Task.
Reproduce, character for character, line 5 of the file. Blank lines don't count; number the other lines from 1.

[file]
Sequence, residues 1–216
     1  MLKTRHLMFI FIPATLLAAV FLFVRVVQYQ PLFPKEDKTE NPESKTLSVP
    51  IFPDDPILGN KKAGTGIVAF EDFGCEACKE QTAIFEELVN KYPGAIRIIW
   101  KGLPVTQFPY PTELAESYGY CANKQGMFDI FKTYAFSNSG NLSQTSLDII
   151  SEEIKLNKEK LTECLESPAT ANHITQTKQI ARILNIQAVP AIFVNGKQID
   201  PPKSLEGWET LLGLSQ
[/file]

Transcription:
   151  SEEIKLNKEK LTECLESPAT ANHITQTKQI ARILNIQAVP AIFVNGKQID